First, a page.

Afternoon: Back down in Bellavista, pause for a traditional Chilean lunch at Galindo, sampling dishes like pastel de choclo (corn and mince pie) or cazuela stew. Next, visit Chilean Nobel-laureate Pablo Neruda’s house, La Chascona. Take a tour through the eclectically designed house for a glimpse of the 20th-century poet’s life and snapshots of bohemian Santiago. If there’s time, take in the area’s famous street art on hire bike, or with a private photography tour with FotoRuta.

Evening: Pio Nono street in Bellavista is the beating heart of the city’s nightlife; stick around to carouse in large drinking halls, frequented by live bands, and snack on street food such as sopaipillas (traditional fried pastries); or go to Patio Bellavista to browse souvenirs, then try bespoke cocktails at Red.

Day 2

Morning: Check out Plaza de Armas — the main square — with its grand cathedral and imposing colonial buildings. This is the administrative center; a few blocks south stands La Moneda — the former mint turned presidential palace. The latter isn’t generally open to the public; however, on the corner of the main square is Museo Chileno de Arte Precolombino — a stunning museum showcasing the country’s indigenous art.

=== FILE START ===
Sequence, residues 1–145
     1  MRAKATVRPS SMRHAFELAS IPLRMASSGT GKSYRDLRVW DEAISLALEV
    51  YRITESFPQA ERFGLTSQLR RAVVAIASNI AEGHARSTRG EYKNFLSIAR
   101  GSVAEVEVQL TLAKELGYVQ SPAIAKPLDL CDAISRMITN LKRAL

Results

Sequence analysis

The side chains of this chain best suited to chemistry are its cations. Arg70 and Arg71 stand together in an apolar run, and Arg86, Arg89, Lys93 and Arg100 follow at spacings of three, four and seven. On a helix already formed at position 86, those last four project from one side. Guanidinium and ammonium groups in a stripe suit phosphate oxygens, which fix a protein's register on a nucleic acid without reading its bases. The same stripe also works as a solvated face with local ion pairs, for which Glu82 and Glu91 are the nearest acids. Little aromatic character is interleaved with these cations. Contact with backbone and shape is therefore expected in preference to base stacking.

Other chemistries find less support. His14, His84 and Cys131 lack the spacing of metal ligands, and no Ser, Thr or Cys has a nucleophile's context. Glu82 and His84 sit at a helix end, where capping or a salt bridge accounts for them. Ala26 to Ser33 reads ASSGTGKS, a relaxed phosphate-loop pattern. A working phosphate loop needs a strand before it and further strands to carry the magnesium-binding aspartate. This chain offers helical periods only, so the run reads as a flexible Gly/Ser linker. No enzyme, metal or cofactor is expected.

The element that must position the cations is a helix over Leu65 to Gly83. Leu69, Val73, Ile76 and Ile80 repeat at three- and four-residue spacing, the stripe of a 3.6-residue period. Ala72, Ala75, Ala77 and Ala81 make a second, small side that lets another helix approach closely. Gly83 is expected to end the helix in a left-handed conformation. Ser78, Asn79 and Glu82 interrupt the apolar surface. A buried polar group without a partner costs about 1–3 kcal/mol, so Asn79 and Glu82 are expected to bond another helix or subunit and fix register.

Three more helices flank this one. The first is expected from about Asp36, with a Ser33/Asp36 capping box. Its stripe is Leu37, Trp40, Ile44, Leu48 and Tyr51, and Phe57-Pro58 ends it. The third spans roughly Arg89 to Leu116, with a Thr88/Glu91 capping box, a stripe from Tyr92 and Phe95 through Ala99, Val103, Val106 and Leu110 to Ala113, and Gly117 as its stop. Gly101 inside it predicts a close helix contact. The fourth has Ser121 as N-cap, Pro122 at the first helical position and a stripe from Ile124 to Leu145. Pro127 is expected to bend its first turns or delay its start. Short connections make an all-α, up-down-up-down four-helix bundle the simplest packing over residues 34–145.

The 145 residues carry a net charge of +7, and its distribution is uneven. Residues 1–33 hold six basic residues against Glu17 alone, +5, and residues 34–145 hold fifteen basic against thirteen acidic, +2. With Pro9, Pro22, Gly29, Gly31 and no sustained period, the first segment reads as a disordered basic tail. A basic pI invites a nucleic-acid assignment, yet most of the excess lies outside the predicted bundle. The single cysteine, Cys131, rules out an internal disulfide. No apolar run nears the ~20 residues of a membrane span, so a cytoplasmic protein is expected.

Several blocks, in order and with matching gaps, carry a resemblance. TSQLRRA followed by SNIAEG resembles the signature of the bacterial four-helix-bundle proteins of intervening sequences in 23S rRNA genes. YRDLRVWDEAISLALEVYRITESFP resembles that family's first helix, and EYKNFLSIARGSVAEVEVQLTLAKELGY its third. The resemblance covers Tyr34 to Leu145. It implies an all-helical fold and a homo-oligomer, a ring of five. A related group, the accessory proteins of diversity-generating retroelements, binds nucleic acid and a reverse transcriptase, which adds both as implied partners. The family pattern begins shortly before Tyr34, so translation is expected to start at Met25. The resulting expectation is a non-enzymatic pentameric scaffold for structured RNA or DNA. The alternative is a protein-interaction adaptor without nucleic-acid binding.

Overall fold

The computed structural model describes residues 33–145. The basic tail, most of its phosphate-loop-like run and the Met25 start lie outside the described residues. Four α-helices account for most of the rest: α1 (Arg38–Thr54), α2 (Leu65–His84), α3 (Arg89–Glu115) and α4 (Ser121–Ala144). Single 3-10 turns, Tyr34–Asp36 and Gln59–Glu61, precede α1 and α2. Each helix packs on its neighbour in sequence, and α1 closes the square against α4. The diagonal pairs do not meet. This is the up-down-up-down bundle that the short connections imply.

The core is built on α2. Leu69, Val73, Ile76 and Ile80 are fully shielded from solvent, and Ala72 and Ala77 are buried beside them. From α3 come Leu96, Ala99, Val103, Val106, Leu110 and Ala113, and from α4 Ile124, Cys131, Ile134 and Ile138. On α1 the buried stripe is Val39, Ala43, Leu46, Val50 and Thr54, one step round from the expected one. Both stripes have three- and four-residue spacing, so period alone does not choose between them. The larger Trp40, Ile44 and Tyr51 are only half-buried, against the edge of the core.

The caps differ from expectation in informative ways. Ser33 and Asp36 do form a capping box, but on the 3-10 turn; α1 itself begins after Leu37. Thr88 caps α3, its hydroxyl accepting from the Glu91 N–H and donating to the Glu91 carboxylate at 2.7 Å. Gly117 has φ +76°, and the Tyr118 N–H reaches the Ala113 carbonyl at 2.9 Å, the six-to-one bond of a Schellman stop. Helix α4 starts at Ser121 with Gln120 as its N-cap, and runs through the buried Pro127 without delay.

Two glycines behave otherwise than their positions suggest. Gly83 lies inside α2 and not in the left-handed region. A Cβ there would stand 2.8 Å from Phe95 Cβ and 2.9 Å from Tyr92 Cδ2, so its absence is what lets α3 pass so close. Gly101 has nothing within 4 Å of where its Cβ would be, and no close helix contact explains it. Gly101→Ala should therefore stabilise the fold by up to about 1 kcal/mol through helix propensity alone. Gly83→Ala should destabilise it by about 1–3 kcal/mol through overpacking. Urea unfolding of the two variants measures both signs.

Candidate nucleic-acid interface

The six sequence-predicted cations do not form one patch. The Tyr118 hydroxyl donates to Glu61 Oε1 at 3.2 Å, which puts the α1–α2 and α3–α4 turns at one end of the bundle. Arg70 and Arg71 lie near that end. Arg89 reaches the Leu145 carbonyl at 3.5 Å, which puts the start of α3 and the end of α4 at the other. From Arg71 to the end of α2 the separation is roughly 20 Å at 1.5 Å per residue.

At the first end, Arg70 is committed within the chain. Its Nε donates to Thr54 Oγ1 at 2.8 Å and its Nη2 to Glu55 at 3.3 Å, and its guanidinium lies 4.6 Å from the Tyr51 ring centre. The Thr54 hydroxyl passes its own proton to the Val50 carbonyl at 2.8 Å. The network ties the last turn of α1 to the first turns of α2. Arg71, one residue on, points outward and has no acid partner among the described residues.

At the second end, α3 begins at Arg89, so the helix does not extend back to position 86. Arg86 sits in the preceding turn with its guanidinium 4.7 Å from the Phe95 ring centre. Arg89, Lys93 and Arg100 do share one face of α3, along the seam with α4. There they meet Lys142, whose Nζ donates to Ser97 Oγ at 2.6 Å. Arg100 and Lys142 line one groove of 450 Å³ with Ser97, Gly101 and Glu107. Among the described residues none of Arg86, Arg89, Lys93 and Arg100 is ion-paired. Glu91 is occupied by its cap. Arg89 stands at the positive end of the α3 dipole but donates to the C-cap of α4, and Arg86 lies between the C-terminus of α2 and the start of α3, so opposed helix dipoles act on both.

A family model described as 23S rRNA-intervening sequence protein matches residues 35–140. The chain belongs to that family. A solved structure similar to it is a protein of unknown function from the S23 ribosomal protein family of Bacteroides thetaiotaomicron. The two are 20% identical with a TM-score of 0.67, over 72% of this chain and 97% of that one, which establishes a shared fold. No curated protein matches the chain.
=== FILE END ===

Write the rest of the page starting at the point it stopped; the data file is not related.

Afternoon: After a seafood lunch in the atmospheric central courtyard of Mercado Central — a beautiful stone and wrought-iron edifice, and still a working fish market — head across the river into the hectic La Vega market area. It’s the lesser-seen, less-cosmopolitan side of the city: chaotic warehouses selling fresh produce and workers dining at myriad pop-up cantinas (bars). From here, jump in a taxi to either the Museo de la Memoria y los Derechos Humanos — a fantastic museum, opened in 2010, that commemorates the victims of human rights violations during Augusto Pinochet’s regime between 1973 and 1990 — or the Cementerio General, the romantic, rambling resting place of Chilean heroes including Nobel-laureate Gabriela Mistral and folk musician Victor Jara.

Evening: Spend the evening in the chic Lastarria neighborhood, home to high-end hotels like The Singular (check out the rooftop bar) and a cultural hub with arthouse cinemas and theaters. Before the sun sets, stroll the pathways of the leafy Cerro Santa Lucia where you can learn about the city’s founder, conquistador Pedro de Valdivia. Then, browse antiques stalls on the eponymous Lastarria street before trying one of the city’s best pisco sours at Chipe Libre. For elegant wine and food pairings, head to trendy bar Bocanariz.

Day 3